Syed Haider Raza, a member of revolutionary Progressive Artist Group, experimented with currents of Western Modernism moving from Expressionist modes towards greater abstraction and eventually incorporating elements of Tantrism bourne from Indian scriptural texts. Whereas his fellow contemporaries dealt with more figural subjects, Raza chose to focus on landscapes in the 1940s and 50s, inspired in part by a move to the France in 1949.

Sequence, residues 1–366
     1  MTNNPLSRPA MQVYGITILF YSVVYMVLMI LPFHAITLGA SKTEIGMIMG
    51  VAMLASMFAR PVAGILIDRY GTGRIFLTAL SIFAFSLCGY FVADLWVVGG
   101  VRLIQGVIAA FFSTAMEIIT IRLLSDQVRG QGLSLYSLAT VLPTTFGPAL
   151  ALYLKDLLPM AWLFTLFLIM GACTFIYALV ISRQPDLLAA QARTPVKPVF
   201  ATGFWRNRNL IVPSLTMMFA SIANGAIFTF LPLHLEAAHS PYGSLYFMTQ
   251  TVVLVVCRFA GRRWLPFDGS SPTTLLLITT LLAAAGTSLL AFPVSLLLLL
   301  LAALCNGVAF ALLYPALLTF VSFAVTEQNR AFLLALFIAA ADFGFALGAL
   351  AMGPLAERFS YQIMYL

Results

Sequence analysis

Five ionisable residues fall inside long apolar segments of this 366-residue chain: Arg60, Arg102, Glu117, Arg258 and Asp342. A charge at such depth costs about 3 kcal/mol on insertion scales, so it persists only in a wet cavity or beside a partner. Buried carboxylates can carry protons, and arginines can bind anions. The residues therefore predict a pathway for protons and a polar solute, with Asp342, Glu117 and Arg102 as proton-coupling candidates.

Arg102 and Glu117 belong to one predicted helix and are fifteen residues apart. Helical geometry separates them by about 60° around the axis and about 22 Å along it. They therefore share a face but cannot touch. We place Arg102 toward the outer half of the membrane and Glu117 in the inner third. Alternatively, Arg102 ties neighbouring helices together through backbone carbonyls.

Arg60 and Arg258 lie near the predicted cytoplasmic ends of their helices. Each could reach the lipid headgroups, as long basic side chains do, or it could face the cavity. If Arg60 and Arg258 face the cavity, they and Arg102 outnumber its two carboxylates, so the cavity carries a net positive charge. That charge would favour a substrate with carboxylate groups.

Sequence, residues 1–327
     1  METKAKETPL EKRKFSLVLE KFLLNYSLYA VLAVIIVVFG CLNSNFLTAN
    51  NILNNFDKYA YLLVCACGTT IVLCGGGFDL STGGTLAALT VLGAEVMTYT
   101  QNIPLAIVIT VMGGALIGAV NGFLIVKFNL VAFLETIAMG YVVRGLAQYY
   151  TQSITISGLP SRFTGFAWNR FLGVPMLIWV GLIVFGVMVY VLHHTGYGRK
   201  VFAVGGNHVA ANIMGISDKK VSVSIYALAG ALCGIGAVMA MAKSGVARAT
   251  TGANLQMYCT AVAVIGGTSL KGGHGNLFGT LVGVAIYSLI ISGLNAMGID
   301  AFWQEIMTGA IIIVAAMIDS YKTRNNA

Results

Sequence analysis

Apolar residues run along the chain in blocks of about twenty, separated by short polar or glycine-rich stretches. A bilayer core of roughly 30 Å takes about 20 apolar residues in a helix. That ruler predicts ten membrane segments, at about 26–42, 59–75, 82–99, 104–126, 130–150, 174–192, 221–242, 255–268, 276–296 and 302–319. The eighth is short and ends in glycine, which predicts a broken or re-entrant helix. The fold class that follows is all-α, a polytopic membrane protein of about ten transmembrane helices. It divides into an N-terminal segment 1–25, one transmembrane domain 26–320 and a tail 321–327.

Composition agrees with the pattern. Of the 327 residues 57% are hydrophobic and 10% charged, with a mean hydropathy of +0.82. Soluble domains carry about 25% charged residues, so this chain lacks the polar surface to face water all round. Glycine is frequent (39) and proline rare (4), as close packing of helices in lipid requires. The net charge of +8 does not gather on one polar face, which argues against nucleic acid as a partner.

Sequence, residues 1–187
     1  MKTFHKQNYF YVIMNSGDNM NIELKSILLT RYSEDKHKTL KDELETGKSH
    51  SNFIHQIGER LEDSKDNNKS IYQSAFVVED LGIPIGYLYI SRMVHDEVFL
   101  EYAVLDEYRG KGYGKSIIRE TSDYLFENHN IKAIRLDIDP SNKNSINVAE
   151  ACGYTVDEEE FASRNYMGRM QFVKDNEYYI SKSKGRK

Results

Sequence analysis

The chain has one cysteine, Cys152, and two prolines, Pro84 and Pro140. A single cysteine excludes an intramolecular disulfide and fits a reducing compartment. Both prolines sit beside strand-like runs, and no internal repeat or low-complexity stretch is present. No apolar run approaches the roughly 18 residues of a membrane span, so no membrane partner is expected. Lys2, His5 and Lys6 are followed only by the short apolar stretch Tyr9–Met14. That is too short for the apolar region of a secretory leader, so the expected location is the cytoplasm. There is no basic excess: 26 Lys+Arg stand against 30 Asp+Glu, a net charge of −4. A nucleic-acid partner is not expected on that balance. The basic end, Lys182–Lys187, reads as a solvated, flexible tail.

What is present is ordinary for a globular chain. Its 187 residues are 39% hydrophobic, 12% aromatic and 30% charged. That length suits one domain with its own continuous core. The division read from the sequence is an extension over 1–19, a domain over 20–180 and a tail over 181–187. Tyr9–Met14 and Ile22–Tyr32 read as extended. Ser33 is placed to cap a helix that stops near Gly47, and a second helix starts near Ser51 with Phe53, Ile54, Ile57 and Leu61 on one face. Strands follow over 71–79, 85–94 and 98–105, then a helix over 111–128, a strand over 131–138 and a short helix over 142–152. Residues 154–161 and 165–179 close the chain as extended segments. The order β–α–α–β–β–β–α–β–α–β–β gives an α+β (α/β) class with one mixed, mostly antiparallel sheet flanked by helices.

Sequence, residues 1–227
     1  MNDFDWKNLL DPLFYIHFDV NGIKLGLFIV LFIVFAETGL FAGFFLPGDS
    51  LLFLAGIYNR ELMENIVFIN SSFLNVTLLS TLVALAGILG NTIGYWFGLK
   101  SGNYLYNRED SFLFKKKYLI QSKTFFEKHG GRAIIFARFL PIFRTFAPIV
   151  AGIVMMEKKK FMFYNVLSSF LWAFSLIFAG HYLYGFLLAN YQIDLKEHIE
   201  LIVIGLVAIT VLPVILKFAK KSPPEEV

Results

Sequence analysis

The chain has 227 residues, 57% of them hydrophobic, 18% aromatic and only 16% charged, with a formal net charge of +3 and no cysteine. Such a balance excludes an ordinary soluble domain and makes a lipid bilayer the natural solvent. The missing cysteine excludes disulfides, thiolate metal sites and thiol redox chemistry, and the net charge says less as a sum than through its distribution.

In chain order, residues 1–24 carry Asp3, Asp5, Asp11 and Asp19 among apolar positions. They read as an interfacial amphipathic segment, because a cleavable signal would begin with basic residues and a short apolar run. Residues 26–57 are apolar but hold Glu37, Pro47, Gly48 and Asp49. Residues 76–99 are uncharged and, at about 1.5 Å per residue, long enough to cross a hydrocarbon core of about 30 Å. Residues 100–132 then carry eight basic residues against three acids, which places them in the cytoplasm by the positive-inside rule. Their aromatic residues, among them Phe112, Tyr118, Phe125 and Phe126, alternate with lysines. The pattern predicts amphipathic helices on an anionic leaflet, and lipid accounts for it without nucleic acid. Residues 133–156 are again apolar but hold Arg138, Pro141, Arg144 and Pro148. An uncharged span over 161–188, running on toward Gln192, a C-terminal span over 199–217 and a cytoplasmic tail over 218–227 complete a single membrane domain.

Enamored with the bucolic countryside of rural France, Eglise is part of a series which captures the rolling terrain and quaint village architecture of this region. Showing a tumultuous church engulfed by an inky blue night sky, Raza uses gestural brushstrokes and a heavily impasto-ed application of paint, stylistic devices which hint at his later 1970s abstractions. This late 50s work is significant in that it represents the turning point between two stages of Raza's artistic development. While subject matter is still recognizable, color and the application of paint become the key elements of the work overpowering the relevancy of the village scene. What results is "not an outward manifestation of reality as in his earliest works, or the imaginary landscapes in his early gouaches - but the 'real thing', through the substantial realm of color. It is no longer nature as 'seen' or as 'constructed', but nature as experienced." (G. Sen, Bindu: Space and Time in Raza's Vision, New Delhi, 1997, p. 79.)